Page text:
Thursday, December 11, 2008

The crappiest miracle ever: a guest post

So the other day Luke and I were discussing random stuff, as we do, and somehow ended up talking about childbirth. So I begged and whined until he agreed to write a guest post on childbirth: the male perspective. While I am female, and should probably have very different perspectives, I must admit to agreeing to a lot of his points.

Anyway here it is:

The Crappiest Miracle Ever

I am forever grateful for the fact that I have testes. Apart from the obvious bonuses of being able to stand and pee, and never having to consider the pluses of buying sanitary pads with or without wings, there is the glaringly obvious forte of never having to give birth to a child.

I have given the idea a great deal of thought over the years and have come to the conclusion that I doubt that I will ever have children of my own. I love kids, they’re great! However, I can’t get over that little voice of social conscience in my head that reminds me just how many children there are in this world already and how many, particularly in South Africa given our current AIDS pandemic and the related orphan crisis, desperately need homes and families. So, in light of my internal Jiminy Cricket, I think it is safe to say that, should I someday decide to have kids, I will adopt.

But adoption is not the point of this post. This post is about carrying a baby for 9 months. It’s the male’s perspective on how grateful we are that we won’t ever have to do it. It’s about how much I admire women for baring the brunt of the continuation of our species.

While I am most definitely not against the procedures leading up to pregnancy, I’d be lying if I didn’t admit that the whole idea scares me! The thought of having a small creature growing inside of you is a little too close to something out of ‘Alien’. Interestingly enough, the developing embryo does behave like a parasite in many ways; sapping the mothers bodily resources for example. So while the ‘little miracle’ drains the mother’s life blood (almost literally…) she has the joy of lower back pain, a bladder that functionally mirrors that of a small rodent and the hormonal imbalances and associated mood swings of a psychotic.

Naturally, never having experienced this all, I’m giving a very one-sided view. But, on the plus side, women’s boobs get huge, which, I think we can all agree, is appreciated by all parties…

Then comes the exciting and delightful right of passage: the birth itself.

I never cease to be perplexed by the range of types of birth that one can select from. I remember seeing a documentary about several births that occurred simultaneously in several countries around the world. It was fascinating to watch but, aside from the stark social contrasts between the individuals shown in the different countries the range of ways it could be pulled off was fascinating! From the classic scenario of the gynaecologist taking a look and shrieking something like, ‘Oh sh*t! We’re gonna need help…like, NOW!’ to the water birth, the possibilities seem endless. The latter is a great cause for concern in my mind. The idea of spending a few hours in a large vat of warmed water, swirling with your own blood and faeces, doesn’t exactly leave me feeling like I need to bring a life into this world…

There are several aspects to the birthing process which I cannot fathom. Firstly, the need to dilate a hole, normally the size of a golf-ball to approximate a watermelon. That in itself must be agony, but, as if God hadn’t put females through enough, this often doesn’t happen and there are one of two possibilities; tearing of the tissues to make the hole big enough (voluntarily or otherwise) or a caesarean section.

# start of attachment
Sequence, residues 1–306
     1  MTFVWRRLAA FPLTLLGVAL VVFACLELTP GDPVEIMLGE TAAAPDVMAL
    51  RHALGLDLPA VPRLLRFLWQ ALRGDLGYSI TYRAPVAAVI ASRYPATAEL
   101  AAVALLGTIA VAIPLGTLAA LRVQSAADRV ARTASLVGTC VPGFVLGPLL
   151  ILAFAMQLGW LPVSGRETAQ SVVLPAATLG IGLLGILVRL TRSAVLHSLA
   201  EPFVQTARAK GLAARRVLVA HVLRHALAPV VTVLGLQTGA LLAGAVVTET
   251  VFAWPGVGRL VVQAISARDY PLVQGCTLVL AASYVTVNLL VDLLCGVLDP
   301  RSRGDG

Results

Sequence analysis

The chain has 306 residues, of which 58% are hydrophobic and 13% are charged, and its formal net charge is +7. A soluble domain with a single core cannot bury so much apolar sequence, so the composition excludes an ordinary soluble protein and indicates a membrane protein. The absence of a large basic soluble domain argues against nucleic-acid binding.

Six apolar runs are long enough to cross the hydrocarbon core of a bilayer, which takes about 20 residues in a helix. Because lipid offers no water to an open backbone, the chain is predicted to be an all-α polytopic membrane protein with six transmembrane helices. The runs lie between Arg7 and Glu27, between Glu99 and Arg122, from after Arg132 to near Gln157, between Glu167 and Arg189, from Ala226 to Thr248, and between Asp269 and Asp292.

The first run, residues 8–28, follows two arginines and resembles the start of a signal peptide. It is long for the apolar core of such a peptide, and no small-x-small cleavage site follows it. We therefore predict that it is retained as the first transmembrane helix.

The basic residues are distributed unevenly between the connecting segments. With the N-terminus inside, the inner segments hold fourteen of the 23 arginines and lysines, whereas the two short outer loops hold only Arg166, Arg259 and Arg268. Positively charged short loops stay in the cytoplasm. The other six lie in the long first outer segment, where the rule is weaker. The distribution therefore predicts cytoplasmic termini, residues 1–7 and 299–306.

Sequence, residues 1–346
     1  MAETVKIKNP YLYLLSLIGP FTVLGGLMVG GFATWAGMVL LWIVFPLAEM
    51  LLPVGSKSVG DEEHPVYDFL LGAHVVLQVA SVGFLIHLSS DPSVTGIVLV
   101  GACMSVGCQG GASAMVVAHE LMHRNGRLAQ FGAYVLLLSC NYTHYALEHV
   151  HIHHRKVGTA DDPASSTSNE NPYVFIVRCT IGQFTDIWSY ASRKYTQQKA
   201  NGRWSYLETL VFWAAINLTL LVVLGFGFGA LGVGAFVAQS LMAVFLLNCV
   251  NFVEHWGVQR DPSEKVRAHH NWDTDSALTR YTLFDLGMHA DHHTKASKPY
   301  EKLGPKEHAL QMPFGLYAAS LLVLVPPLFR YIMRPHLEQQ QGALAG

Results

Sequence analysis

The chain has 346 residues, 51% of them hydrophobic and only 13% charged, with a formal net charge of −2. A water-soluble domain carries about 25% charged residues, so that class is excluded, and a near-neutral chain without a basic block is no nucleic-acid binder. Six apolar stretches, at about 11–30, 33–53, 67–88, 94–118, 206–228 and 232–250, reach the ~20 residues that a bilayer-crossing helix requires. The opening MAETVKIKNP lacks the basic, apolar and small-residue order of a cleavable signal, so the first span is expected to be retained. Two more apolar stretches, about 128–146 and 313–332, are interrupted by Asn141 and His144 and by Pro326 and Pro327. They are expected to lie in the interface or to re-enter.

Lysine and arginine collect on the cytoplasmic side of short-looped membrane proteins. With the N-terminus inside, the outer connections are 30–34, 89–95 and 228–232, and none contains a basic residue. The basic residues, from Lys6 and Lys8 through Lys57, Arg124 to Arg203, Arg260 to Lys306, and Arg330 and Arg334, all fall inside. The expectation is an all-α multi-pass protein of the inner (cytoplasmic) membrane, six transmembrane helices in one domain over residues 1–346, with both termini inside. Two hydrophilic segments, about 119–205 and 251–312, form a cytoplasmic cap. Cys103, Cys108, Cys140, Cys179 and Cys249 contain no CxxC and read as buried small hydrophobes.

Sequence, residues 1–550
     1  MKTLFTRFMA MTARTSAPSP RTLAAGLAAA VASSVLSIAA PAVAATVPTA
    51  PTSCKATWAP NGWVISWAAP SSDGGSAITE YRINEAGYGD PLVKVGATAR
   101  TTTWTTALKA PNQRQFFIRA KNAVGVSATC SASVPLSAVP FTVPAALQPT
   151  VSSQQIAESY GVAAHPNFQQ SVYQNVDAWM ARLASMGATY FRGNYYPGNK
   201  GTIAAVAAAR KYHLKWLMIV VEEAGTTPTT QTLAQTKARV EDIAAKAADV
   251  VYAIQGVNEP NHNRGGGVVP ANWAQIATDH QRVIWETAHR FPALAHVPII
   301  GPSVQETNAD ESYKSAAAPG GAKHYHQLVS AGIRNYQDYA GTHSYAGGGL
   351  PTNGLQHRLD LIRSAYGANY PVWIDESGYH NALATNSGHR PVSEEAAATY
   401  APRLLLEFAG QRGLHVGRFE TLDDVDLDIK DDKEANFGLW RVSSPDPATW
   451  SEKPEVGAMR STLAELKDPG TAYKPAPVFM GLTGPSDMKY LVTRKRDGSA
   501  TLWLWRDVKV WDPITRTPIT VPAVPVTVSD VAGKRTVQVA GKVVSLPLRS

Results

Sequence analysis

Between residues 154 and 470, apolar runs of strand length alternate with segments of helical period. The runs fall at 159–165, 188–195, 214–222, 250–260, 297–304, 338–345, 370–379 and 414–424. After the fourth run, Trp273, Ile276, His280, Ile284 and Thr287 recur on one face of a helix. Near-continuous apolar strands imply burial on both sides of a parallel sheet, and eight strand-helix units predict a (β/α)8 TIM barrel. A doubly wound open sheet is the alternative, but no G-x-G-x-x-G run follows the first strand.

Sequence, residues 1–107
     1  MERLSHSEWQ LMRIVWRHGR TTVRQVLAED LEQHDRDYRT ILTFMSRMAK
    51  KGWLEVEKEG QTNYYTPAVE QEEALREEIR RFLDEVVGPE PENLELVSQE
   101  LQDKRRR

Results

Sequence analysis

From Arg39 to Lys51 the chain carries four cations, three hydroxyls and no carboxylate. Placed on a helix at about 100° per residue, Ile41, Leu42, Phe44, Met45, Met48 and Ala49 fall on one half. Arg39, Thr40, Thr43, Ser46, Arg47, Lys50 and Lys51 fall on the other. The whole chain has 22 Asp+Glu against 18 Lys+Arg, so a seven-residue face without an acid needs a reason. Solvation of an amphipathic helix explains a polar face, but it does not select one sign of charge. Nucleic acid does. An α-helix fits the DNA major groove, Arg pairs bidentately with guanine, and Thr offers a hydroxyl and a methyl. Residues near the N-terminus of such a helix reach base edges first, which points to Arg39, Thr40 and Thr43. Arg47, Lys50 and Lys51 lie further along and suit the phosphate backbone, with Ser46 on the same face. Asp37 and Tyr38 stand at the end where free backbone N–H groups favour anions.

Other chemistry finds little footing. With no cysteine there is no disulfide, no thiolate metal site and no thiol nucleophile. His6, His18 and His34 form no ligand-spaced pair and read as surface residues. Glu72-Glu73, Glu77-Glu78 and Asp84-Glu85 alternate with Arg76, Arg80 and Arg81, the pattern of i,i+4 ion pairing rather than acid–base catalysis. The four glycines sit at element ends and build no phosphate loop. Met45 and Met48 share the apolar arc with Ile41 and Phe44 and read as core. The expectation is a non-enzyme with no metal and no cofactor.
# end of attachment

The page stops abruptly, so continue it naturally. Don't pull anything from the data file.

You are not likely to find many individuals as squeamish as myself, and so naturally, the idea of tearing tissues freaks me out completely! Not only that but tearing tissues in your nether regions of all places! I take my hat off to any mother who has endured a natural birth!

I have heard from many people that the C-section is by far the best and easiest means of extracting the child from your innards. I was recently told by a friend that the stress of the birth process, an aspect that is lacking from the procedure of the C-section, is vital for the normal psychological development of the child as it grows later in life. This aside, I’ve always wondered about how good it is for a child to spend the first moments in it’s new world with all manner of pain medication coursing through the veins that it shares with it’s mother.

Bearing all this in mind, there are still people on this planet. That means that either we are so genetically hard-wired to procreate that we cannot stop ourselves, or that perhaps there is something to the bond formed between mother and child in jointly enduring the horrors of birth. I know, from discussions with my own family, that apparently, once you see your child, belting forth and covered in afterbirth, you cannot help but instantly fall in love with it. I’d also be lying if I didn’t admit that there is always a part of me that goes all ‘Awww…’ whenever I see a baby too so I can’t point any fingers.


SuvvyGirl said...

Well having gone through this myself I will say I would do it all over again. Being in labor and actually giving birth scared the crap out of me during our birthing classes. But once it came time to actually do it, it really wasn't that bad. But I also had the aid of an epidural. I lived with the contractions and all that good stuff until I was dialated to 4 then they made me get an epidural to help relax me and move the process along a little longer. But I will say it would still scare the crap out of me to give complete natural birth. Little woozy just thinkin about it. :P

Luke said...

I commend you on your being sensible and accepting the drugs! Smart girl! ;)

Plus, your daughter is SUPER-cute, so it makes all that effort worthwhile...